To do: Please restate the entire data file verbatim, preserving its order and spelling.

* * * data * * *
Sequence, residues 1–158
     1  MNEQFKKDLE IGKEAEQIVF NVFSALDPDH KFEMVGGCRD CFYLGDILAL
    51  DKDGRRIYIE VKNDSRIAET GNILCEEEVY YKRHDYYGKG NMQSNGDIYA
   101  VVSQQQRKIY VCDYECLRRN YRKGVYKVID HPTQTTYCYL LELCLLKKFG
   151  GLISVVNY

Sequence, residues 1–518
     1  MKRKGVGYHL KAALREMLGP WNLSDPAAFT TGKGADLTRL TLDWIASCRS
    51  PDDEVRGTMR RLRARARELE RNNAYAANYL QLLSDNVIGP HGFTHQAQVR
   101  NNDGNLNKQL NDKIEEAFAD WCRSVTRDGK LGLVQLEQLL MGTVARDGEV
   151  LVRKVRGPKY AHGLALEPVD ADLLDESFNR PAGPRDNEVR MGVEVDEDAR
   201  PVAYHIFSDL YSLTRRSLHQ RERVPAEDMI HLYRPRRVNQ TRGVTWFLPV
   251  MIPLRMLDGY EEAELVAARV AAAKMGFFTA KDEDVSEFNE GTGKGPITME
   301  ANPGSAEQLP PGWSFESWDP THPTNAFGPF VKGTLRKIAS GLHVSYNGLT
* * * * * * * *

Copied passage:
Sequence, residues 1–158
     1  MNEQFKKDLE IGKEAEQIVF NVFSALDPDH KFEMVGGCRD CFYLGDILAL
    51  DKDGRRIYIE VKNDSRIAET GNILCEEEVY YKRHDYYGKG NMQSNGDIYA
   101  VVSQQQRKIY VCDYECLRRN YRKGVYKVID HPTQTTYCYL LELCLLKKFG
   151  GLISVVNY

Sequence, residues 1–518
     1  MKRKGVGYHL KAALREMLGP WNLSDPAAFT TGKGADLTRL TLDWIASCRS
    51  PDDEVRGTMR RLRARARELE RNNAYAANYL QLLSDNVIGP HGFTHQAQVR
   101  NNDGNLNKQL NDKIEEAFAD WCRSVTRDGK LGLVQLEQLL MGTVARDGEV
   151  LVRKVRGPKY AHGLALEPVD ADLLDESFNR PAGPRDNEVR MGVEVDEDAR
   201  PVAYHIFSDL YSLTRRSLHQ RERVPAEDMI HLYRPRRVNQ TRGVTWFLPV
   251  MIPLRMLDGY EEAELVAARV AAAKMGFFTA KDEDVSEFNE GTGKGPITME
   301  ANPGSAEQLP PGWSFESWDP THPTNAFGPF VKGTLRKIAS GLHVSYNGLT